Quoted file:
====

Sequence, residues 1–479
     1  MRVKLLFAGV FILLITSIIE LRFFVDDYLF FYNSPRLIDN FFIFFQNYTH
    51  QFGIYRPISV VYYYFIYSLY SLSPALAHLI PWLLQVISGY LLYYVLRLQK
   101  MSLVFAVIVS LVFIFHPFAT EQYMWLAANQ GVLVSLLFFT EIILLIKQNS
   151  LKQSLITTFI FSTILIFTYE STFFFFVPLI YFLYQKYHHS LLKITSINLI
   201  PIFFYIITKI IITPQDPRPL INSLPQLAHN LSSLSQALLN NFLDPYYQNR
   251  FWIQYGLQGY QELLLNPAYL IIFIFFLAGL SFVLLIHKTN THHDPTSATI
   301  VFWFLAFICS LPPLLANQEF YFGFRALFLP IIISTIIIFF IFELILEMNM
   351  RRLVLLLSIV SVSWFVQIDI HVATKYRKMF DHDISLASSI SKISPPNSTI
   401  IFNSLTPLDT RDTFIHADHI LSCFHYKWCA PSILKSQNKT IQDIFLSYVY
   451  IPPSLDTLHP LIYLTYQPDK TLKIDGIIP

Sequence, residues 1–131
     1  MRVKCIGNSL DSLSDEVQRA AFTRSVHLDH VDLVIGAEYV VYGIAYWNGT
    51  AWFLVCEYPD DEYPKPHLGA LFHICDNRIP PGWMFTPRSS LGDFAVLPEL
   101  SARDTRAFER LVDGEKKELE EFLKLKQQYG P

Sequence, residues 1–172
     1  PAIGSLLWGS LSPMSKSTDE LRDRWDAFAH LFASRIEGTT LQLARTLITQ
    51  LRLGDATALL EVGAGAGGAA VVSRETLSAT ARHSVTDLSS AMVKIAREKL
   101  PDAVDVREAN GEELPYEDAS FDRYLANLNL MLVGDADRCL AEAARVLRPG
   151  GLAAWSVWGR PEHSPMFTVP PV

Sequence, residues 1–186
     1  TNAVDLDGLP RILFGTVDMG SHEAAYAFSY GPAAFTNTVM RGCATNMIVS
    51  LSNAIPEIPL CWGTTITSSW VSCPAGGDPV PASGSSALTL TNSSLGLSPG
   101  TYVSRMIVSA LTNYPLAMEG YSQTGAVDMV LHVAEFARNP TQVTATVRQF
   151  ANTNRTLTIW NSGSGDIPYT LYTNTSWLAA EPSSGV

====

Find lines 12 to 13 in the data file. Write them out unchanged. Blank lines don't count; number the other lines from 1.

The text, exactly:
Sequence, residues 1–131
     1  MRVKCIGNSL DSLSDEVQRA AFTRSVHLDH VDLVIGAEYV VYGIAYWNGT